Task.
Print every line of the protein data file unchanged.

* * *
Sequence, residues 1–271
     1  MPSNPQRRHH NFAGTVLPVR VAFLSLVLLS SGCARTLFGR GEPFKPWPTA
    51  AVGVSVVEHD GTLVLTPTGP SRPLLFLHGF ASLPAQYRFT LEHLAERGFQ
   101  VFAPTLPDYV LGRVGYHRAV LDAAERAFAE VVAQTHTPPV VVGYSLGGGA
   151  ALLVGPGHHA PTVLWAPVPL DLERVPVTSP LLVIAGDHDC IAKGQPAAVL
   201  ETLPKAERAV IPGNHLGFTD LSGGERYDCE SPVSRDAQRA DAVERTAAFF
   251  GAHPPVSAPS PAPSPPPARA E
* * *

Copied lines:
Sequence, residues 1–271
     1  MPSNPQRRHH NFAGTVLPVR VAFLSLVLLS SGCARTLFGR GEPFKPWPTA
    51  AVGVSVVEHD GTLVLTPTGP SRPLLFLHGF ASLPAQYRFT LEHLAERGFQ
   101  VFAPTLPDYV LGRVGYHRAV LDAAERAFAE VVAQTHTPPV VVGYSLGGGA
   151  ALLVGPGHHA PTVLWAPVPL DLERVPVTSP LLVIAGDHDC IAKGQPAAVL
   201  ETLPKAERAV IPGNHLGFTD LSGGERYDCE SPVSRDAQRA DAVERTAAFF
   251  GAHPPVSAPS PAPSPPPARA E